The 2014 Fellows are Amy Bernhardt and David Dadekian.
Bernhardt’s project, "Colorfast," will create a state-of-the-art research and manufacturing pilot facility for the design and production of digitally printed textiles.
Dadekian’s project, the "Eat Drink Rhode Island Central Market," would house a number of food and drink related businesses, including a public market, commercial production and processing facilities, and an educational component.
The Rhode Island Foundation is the largest and most comprehensive funder of nonprofit organizations in Rhode Island. In 2013, the Foundation made grants of more than $31 million to organizations addressing the state’s most pressing issues and needs of diverse communities. Through leadership, fundraising and grantmaking activities, often in partnership with individuals and organizations, the Foundation is helping Rhode Island reach its true potential.
WASHINGTON, DC– Agriculture Secretary Tom Vilsack announced that USDA is seeking applications for grants that will be awarded to organizations to provide critical financial and technical assistance to recipients to develop and strengthen their capacity to carry out housing, community facilities and community and economic development projects.
"Many rural nonprofits often need capital and technical assistance to carry out their missions," Vilsack said. "These grants will provide both of these components through local and regional organizations that are experts at delivering such services."
USDA is making nearly $6 million available to qualified organizations under the Rural Community Development Initiative (RCDI).
Recipients must be non-profit organizations, low-income rural communities, or federally recognized tribes. Intermediary organizations are required to provide matching funds at least equal to the RCDI grant. The grants do not go directly to business recipients but rather through qualified intermediaries.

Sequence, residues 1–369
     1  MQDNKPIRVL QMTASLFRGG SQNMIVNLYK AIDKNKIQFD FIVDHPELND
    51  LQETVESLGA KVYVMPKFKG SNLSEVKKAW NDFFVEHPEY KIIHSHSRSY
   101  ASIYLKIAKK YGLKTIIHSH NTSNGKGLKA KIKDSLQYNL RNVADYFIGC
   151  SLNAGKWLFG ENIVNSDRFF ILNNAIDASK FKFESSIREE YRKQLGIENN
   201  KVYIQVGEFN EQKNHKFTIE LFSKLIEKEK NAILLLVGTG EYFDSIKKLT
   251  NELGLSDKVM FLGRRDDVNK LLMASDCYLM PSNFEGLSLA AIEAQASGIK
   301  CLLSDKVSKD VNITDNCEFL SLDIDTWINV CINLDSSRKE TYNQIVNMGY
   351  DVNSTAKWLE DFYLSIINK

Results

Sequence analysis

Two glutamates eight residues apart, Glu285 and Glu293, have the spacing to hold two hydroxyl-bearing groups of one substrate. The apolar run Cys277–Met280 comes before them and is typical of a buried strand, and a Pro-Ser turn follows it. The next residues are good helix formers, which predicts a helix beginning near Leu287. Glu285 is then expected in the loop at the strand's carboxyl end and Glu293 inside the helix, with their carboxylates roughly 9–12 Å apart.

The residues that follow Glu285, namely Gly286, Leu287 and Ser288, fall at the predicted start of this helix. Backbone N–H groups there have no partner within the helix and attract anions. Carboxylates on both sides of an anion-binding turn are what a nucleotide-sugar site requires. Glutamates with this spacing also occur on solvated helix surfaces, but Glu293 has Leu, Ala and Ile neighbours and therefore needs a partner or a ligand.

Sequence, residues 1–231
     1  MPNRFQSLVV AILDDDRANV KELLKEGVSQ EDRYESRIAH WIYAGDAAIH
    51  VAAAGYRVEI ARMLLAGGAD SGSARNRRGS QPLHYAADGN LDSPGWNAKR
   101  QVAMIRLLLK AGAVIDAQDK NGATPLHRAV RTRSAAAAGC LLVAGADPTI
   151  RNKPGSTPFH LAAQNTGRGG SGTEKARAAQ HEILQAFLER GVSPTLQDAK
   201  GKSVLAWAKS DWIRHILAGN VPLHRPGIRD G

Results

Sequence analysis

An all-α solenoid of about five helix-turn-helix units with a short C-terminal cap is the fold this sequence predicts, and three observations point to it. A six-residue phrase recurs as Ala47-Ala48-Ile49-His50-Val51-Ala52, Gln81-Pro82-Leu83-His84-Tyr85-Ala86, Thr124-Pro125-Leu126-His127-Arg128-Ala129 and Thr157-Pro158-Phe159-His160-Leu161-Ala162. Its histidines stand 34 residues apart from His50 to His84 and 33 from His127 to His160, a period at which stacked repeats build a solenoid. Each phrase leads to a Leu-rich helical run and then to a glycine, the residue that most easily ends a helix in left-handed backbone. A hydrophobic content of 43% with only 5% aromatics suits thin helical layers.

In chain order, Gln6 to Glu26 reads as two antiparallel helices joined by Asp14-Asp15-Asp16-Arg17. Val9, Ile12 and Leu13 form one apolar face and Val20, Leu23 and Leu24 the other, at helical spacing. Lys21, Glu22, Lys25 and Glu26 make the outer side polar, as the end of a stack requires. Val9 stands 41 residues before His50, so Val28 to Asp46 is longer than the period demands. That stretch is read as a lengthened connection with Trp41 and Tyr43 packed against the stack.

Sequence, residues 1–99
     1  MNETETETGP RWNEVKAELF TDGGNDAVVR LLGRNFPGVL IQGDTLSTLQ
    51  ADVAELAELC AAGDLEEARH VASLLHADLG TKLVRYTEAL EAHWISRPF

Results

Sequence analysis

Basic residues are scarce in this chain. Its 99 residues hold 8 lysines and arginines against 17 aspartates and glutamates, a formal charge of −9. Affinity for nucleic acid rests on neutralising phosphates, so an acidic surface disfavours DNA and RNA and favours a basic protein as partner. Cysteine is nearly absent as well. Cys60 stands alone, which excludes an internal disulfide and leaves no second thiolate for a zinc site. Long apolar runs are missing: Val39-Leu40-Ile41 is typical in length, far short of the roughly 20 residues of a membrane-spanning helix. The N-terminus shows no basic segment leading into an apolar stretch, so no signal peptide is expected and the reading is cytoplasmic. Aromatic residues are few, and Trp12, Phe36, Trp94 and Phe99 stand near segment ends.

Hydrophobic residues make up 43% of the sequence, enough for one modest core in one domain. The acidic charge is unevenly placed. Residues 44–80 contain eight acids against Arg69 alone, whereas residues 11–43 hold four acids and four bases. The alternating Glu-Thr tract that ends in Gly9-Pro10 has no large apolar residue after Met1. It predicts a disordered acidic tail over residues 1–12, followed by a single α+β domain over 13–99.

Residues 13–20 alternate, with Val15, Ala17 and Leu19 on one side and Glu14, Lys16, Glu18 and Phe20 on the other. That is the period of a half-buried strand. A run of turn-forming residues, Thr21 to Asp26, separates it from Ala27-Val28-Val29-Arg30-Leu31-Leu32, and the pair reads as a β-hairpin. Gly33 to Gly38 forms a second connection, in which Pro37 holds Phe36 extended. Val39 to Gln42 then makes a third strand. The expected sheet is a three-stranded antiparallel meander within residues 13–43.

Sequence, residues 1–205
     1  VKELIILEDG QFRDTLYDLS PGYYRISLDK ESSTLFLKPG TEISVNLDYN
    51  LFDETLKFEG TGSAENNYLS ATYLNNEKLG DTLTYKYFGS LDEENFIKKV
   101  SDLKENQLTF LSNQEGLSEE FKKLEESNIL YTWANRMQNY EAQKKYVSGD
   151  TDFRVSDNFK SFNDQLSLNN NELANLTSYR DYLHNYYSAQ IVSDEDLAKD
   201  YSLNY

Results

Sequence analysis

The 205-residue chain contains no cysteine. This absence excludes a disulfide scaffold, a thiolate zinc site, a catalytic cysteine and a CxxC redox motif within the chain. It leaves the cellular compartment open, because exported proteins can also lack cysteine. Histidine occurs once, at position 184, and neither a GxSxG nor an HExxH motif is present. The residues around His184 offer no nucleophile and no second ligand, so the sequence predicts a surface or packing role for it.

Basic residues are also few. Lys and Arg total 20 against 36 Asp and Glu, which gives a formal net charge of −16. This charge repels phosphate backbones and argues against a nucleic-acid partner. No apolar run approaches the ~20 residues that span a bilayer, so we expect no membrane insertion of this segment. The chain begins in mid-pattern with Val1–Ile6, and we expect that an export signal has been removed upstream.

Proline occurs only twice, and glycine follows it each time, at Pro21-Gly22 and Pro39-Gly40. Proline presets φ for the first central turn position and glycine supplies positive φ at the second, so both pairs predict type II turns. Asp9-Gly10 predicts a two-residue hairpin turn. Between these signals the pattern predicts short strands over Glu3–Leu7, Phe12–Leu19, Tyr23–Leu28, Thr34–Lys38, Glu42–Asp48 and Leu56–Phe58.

The deadline for submitting RCDI applications is November 12, 2014. Applications must be submitted to the USDA Rural Development state office where the applicant's headquarters are located. More information about the program and how to apply is available on page 47427 of the August 13, 2014 Federal Register.
Here is an example of how the RCDI program is helping rural communities. The Western Maine Community Action Program (WMCAP) has received several RCDI grants in recent years to help low-and very-low-income seniors maintain their independence and remain in their homes through the Keeping Seniors Home Program. Started in 2004, this program has served nearly 3,000 low-income senior homeowners in Maine. WMCAP is also working on a regional job creation plan to train energy auditors, private contractors, and other community partners to provide additional support services to Maine's elderly rural citizens.
President Obama's historic investments in rural America have made our rural communities stronger. Under his leadership, these investments in housing, community facilities, businesses and infrastructure have empowered rural America to continue leading the way – strengthening America's economy, small towns and rural communities.